A Suffolk teen and a group of university undergraduates reached for the stars — and came close to the entry point of space.
Joshua Farahzad, 19, of Stony Brook, and his teammates from around the country built and launched two rockets on their own, without university support or funding, or guidance from a professor.
Farahzad, a rising junior at Duke University majoring in electrical and computer engineering, and economics, said he came up with the idea last summer to build a rocket from scratch and send it into space. He pitched it through emails to college rocketry clubs across the country and recruited more than 40 students to join him, including two, Hugh Ferguson and Brandon Cea, who went to Ward Melville High School in East Setauket with him.
Many of the rest of the group never met each other in person. Except for the final launches, almost everything took place remotely through Slack messages, texts, video conferences and occasional phone calls.
“There’s a billion reasons you wouldn’t do this,” said Hugh Ferguson, 20, a high school friend of Farahzad’s who developed the website for the group they named Operation Space. “But seeing people ignore that is something that has inspired me.”
Trying to send a rocket to space brought the idea down to earth, Ferguson, of East Setauket, said.
“You are showing people you can do it. And you are pushing other people to do it,” he said. “It’s not for NASA. It’s not for Elon Musk or SpaceX. It’s something that you are doing.”
From a spaceport south of Albuquerque, Farahzad and his teammates launched their rocket Friday and another Saturday.
While neither launch propelled the rocket to the Karman Line, the point that separates earth’s atmosphere from space, the team considered the launches a success because, they said, a bunch of amateur teenagers created a rocket that ignited and went far up into the sky.
“For all I knew, once it left the launch rail, it could turn into confetti,” said Saad Mirza, a 19-year-old from upstate Olean, who took one semester off from Princeton University to work on the project as its technical and design lead. “I was expecting the whole thing to fall apart, turning into shreds. But it was going up perfectly straight.”
Operation Space’s first rocket went up to 100,000 feet, about one third of the way to the Karman Line then came apart and fell to the ground. The second rocket reached beyond 52,000 feet, Mirza said.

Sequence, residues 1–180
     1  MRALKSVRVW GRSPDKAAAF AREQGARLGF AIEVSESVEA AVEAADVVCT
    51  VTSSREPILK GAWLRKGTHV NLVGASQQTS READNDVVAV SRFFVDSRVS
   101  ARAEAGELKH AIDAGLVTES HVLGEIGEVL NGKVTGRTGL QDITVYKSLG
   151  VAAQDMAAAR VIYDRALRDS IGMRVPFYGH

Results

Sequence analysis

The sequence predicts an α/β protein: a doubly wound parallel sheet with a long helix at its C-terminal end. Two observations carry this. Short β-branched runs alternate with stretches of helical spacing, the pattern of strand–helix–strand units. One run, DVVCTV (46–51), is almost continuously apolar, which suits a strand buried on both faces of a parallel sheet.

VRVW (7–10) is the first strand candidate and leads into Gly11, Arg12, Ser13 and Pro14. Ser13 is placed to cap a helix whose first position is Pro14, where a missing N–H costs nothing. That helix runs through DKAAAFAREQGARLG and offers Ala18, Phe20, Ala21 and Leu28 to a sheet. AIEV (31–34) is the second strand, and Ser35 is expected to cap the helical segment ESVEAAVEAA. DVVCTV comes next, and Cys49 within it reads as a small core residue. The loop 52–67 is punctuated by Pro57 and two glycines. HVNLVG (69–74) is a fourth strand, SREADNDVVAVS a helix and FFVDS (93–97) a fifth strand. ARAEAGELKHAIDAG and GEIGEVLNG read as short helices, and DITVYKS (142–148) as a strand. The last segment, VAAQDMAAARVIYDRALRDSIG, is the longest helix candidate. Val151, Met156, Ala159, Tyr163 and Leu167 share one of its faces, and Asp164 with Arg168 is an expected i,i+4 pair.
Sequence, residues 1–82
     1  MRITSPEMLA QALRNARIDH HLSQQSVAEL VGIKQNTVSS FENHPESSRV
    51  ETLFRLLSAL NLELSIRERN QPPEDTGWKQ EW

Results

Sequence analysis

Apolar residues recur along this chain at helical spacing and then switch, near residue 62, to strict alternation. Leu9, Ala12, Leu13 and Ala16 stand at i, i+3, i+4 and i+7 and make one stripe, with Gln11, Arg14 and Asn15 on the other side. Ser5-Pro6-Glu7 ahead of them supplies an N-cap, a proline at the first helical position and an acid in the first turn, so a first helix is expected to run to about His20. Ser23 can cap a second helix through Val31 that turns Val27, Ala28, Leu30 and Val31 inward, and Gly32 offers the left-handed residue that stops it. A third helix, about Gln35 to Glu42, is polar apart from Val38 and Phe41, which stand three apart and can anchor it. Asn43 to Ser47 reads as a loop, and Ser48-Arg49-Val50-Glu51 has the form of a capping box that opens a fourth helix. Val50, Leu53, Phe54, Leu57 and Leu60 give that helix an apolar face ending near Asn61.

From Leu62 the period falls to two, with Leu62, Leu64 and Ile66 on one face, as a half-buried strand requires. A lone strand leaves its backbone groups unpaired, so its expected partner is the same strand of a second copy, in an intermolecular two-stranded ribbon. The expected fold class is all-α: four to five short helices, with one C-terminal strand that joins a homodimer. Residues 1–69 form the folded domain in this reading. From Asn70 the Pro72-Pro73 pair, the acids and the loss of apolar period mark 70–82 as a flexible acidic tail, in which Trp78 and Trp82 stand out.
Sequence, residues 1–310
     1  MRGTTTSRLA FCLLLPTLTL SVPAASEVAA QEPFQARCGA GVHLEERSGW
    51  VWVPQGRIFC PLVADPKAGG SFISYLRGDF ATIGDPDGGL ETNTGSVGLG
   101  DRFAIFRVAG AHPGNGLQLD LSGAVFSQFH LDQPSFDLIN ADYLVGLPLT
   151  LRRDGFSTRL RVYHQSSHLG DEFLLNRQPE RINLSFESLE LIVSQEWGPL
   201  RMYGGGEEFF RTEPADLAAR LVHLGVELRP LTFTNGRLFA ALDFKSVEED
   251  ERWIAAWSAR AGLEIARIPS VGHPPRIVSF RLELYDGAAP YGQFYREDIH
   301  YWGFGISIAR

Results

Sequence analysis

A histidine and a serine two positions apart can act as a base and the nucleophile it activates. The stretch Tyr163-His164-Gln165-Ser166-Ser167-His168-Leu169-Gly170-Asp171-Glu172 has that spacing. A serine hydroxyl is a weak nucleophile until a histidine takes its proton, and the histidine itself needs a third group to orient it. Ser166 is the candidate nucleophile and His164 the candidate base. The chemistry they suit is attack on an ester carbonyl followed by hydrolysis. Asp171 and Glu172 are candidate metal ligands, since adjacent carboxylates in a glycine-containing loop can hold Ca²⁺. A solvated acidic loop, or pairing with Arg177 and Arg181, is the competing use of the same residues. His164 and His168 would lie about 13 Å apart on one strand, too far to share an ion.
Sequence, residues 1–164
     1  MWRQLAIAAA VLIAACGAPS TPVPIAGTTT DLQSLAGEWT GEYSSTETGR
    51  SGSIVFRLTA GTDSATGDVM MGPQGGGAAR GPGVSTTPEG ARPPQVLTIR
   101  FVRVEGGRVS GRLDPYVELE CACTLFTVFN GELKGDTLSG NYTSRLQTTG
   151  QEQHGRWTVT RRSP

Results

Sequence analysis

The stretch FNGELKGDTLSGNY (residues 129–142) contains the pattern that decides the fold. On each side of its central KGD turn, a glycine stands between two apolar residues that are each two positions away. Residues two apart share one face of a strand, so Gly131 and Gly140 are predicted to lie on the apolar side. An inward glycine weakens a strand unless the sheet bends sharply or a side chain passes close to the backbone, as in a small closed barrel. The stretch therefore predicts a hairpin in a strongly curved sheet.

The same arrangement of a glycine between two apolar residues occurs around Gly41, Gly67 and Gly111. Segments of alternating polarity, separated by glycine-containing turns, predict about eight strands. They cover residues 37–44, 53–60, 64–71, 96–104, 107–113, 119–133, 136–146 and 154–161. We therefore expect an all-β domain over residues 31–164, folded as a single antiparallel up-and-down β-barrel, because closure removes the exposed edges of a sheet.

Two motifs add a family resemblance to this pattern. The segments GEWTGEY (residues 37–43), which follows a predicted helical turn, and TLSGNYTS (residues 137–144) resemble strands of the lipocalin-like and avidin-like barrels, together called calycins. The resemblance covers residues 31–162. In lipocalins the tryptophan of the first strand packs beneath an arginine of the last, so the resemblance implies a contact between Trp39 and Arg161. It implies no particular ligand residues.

University of Southern California undergraduates have said they believed their group, in April, was the first to send a student-built rocket across the Karman Line and into space. They had university backing.
Operation Space’s effort cost about $100,000 with each rocket costing about $20,000, and they paid for it through fundraising. They asked for donations from engineering firms and other organizations. The group designed a business team among them that handled the fundraising.
Throughout the past year, the team ran into technical problems and communications misunderstandings. Parts didn’t fit. Computer systems crashed. Team members came and went. And they couldn’t get the chemical needed to ignite the rocket’s second stage, Farahzad said.
“Time and time again, we were just stuck,” Farahzad said. “We didn’t have a contract to launch in a facility. We didn’t have a launch rail. We filed with [the Federal Aviation Administration] 20 days late. We didn’t purchase launch insurance [on time].”
They got a break last August. Farahzad reconnected with Cea, a 20-year-old cadet at the U.S. Military Academy at West Point. Cea picked up Farahzad from the Stony Brook train station one day and joined the team after hearing him talking about the project over Indian food.
Cea said he spent hundreds of hours to finalize proper paperwork and secure approvals from commanding officers so that the team could buy one pound of boron potassium nitrate, a regulated explosive needed to ignite the rocket’s second stage.
“It was like catching lightning in a bottle,” Cea said of the project. “It seemed like it was never going to happen at certain points.”
They got the first launch scheduled at Spaceport America, a federally licensed launch complex on the U.S. Army’s White Sands Missile Range in the southern New Mexico desert.
The night before the launch, Farahzad had trouble falling asleep on a reclined driver’s seat in an SUV parked near a trailer that held the 17-foot-long loaded rocket.
As the 60-second countdown began toward launch the next morning, “I was feeling kind of numb at that point. It didn’t feel real,” Farahzad said.
But then “there was this massive sound that echoed. It went straight up like an arrow.”